Prefontaine legend lives on | NevadaAppeal.com

Prefontaine legend lives on

“Most people run a race to see who is fastest. I run a race to see who has the most guts.” – Steve Prefontaine

By Dave Price

Appeal Sports Writer

Thirty years ago yesterday, America lost one of its great distance runners of that or any other era when Steve Prefontaine was tragically killed in a single car rollover in Eugene, Ore.

Since then, his story has inspired two movies (Prefontaine in 1996 and Without Limits in 1998) … statues can be found in Eugene as well as his hometown, Coos Bay … runners and joggers still come to the Steve Prefontaine Memorial Jogging Trail in Eugene … and a meet named in his memory, the Prefontaine Classic, will be held Saturday at Hayward Field in Eugene.

Even though he is gone, the legend lives on.

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Why?

Only 24 at the time of his death, Prefontaine owned each of the eight American records between 2,000 and 10,000 meters and between two miles and six miles. He also won seven NCAA titles and set eight collegiate records during his career at the University of Oregon between 1969 and ’73. His success – along with Frank Shorter’s marathon gold medal at the 1972 Olympic Games in Munich – is often credited with igniting America’s running boom in the ’70s.

Pre really only had a short run in the limelight. He never won an Olympic gold medal – he finished fourth in the 5,000 at the Munich Games – although many firmly believe his best days were yet to come.

He was a crowd favorite and his presence in any race – especially in Eugene – usually brought fans to their feet. He loved the fans, and he said so when asked about his future running plans after running the Olympic 5,000 in Munich: “If anything will keep me running, it’s the fantastic response. Complete strangers write me wishing me well. The local people are so great. I would have to move away from Oregon. I couldn’t retire here,” he told Track & Field News.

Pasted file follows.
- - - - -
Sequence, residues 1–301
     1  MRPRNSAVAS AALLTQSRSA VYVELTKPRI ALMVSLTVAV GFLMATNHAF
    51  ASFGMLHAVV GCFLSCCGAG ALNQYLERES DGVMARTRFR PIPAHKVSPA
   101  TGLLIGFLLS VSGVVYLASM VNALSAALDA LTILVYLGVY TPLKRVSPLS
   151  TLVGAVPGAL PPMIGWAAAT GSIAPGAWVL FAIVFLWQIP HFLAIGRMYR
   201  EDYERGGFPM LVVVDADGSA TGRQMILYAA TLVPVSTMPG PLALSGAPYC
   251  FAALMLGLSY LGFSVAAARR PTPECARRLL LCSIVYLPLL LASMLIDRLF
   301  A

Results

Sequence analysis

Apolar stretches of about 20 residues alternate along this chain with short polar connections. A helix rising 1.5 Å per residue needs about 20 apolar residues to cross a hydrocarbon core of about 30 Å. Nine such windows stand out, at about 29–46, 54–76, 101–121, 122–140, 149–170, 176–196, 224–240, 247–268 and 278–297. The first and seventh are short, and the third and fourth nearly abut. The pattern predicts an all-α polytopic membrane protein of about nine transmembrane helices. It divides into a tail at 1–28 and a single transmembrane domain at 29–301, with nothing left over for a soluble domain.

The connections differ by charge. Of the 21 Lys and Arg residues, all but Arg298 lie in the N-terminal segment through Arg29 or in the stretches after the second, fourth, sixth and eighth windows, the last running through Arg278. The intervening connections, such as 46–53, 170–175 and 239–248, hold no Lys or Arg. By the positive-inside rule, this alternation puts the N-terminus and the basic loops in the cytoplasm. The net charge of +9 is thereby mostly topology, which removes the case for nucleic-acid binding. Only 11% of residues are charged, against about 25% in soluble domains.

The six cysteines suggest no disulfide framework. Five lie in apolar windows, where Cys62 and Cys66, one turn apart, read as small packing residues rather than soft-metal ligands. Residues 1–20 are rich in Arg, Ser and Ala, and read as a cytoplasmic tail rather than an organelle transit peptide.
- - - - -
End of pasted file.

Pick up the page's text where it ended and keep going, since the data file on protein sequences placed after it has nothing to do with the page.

Prefontaine was not one to sit back and let things happen. Win or lose, he went out and made things happen.

That was the objective when he ran the Olympic 5,000 in Munich. Finland’s Lasse Viren, who only a few days before had recovered from a fall to win the 10,000, came back and completed the first of his two fabled Olympic 5,000-10,000 gold medal doubles.

This 5,000 was special in its own right, and the following is a brief account from Track & Field News (a copy was made available by Steve Vandenburg of Carson City, who was in Munich for the 1972 Olympics):

The early pace was slow, with the leaders passing the first two miles in 8:56.4, pedestrian-like by world-class standards. Knowing he didn’t have the raw speed to run a traditional tactical race and win at the end against a field loaded with runners known for their kick, Prefontaine made his move with four laps to go on the track. He pulled the field through the next lap in 62.5 seconds. He ran the next in 61.5. And the next in 60.3, setting the stage for a dramatic finish.

Viren, defending Olympic champion Mohamed Gamoudi of Tunisia, and Prefontaine were the leaders as the bell sounded for the last lap. Prefontaine tried to start an all-out sprint to the finish as he headed into the backstretch, only to be cut off as Gamoudi made his move at the same time. Prefontaine tried to move again and closed in on Viren as the runners headed into the final 200 meters. But there was no catching Viren, who pulled away to the finish – clocked at 55.8 for his final lap at the end of a 3.1-mile race.

Prefontaine, his energy spent from the torrid late pace, faded and was ultimately denied any medal when Britain’s Ian Stewart passed him in the final 15 meters.

For the most part, America has not been a factor on the world distance running stage in at least 20 years. However, there is group of talented young stars on the stage now, such as 19-year-old Galen Rupp, a University of Oregon freshman who has rekindled some of the old spark among fans in Eugene. Rupp recently helped Oregon win the Pac-10 men’s team championship and earlier ran a junior national 10,000 record time of 28:15.52 before a chanting crowd of more than 3,000 at the Oregon Twilight Meet.

“To win a race here in an Oregon uniform, there’s nothing like it,” Rupp told the Eugene Register-Guard afterward. “People can say that it’s not what it once was, but I’ve thought about running at Hayward Field ever since I was in high school. Everybody goes nuts and you can’t ask for a better environment.”

So, there is no forgetting Steve Prefontaine. Not as long as any young distance runner comes out and takes pride in running on guts.

n Contact Dave Price at dprice@nevadaappeal.com or call (775) 881-1220.

PRE’S PERSONAL BESTS

1,500 meters: 3:38.1, June 28, 1973, Helsinki

One mile: 3:54.6, June 20, 1973, Eugene

2,000 meters: 5:01.4, May 9, 1975, Coos Bay

3,000 meters: 7:42.6, July 2, 1974, Milan, Italy

5,000 meters: 13:21.87, June 26, 1974, Helsinki, Finland

10,000 meters: 27:43.6, April 27, 1974, Eugene

BIOGRAPHY

Born: January 25, 1951 in Coos Bay, Ore.

Died: May 30, 1975 in Eugene, Ore.

Height: 5-9

Weight: 152

Degree: B.A. in communications

Info: See GoDucks.com

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